It’s not always easy to boost your credit score quickly. Often, it takes some time and a little bit of work. But, if you have one or more maxed out credit cards or you run a high balance on your credit cards, then these simple tactics can boost your credit score fast.
The problem with having high balance is your debt ratio or sometimes what the credit bureaus call the utilization ratio.
Your debt ratio accounts for 30% of your overall credit score according to models used by the nation’s three credit bureaus and the Fair Isaac Corporation, which created the industry standard, FICO Score. The debt ratio is the second most important factor the credit bureaus use to calculate your credit score behind making your payments on time.
The good news is that improving your debt ratio is very easy to fix, and it is actually the quickest “credit killer” you can fix that will have the most impact on your score.
So what exactly is that the debt ratio? The credit bureaus determine your debt ratio by dividing your available credit limit and how much of your credit cards’ limits you use.
Let’s say you have a credit card limit of $10,000. If you use $5,000 of that credit limit, you have a 50% utilization ratio. Now, that’s not too bad, but it’s not great either. Ideally, you want your utilization rate to be below 30%. Below 10% is even better.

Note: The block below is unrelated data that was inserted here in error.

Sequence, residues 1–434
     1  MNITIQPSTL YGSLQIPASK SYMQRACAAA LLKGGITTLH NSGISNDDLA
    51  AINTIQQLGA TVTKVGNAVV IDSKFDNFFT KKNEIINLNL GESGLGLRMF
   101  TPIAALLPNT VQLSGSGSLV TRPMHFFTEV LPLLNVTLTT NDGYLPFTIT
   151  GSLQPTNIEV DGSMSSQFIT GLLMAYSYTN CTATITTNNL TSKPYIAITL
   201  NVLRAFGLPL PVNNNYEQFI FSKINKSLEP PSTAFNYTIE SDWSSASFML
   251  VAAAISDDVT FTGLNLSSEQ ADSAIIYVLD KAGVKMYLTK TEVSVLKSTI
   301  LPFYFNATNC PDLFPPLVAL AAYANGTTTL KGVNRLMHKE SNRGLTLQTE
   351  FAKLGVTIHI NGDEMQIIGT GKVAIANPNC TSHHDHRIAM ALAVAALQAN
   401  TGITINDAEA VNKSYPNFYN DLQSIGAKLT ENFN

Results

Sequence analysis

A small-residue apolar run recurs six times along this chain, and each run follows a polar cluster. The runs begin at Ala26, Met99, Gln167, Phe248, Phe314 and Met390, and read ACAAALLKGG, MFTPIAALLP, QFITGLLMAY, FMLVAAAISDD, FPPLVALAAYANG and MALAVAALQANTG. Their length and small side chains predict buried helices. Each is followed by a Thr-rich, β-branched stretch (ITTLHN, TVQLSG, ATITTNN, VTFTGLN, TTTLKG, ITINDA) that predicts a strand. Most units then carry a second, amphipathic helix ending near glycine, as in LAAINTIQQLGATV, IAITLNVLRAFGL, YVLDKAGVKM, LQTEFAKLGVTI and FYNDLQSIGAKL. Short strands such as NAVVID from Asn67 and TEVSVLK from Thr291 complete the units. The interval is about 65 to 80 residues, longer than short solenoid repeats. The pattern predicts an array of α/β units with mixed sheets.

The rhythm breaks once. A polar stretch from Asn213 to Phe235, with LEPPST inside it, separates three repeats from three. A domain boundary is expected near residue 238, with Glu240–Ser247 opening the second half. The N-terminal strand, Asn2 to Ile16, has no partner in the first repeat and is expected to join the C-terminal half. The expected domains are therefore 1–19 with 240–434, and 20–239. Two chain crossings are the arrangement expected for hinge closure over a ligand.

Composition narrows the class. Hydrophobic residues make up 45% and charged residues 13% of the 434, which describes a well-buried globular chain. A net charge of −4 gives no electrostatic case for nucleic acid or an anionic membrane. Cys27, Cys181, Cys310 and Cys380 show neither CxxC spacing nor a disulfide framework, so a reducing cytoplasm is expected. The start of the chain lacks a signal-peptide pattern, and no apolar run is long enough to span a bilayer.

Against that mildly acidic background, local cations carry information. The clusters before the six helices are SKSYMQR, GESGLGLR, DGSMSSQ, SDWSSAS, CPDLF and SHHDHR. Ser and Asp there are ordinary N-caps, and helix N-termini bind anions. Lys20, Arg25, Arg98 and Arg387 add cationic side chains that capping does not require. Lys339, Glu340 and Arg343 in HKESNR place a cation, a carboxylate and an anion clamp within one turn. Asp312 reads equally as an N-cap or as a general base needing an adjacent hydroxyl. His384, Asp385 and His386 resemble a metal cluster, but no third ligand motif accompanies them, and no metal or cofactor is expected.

So how do you accomplish getting your utilization rate below 30%, let alone below 10%? There are a couple of ways to get your utilization rate down fast.
First, you can transfer the balance of one of your credit cards to a new or existing credit card. By moving a high balance credit card to a lower balance credit card, you are lowering your use of available credit.
Of course, this isn’t really changing your utilization rate. The three credit bureaus– TransUnion, Equifax, and Experian– look at your total available credit and credit card balances. Moving balances from one credit card to another won’t change your total debt balance and credit limits; it simply shifts them around. But, you might see a change for a month while your credit report catches up to new data provided by your lenders depending on who reports first.
Quick side note: if you have any existing debt this can actually help you save on your APR as well.
Another way to lower your utilization rate is to pay down the balance that you run on your credit card. Paying down your balances can take longer, and you won’t see your score boost quite as quickly. However, it’s an effective long-term strategy to reducing your utilization rate and raising your credit score.
Realistically, taking care of your debt ratio is the highest leverage point in your credit. Why? Because with some parts of your credit it takes a certain period to improve them no matter what. That’s just the way it is. For example, a negative report on your credit score such as a late payment or bankruptcy stays on your credit report for seven years.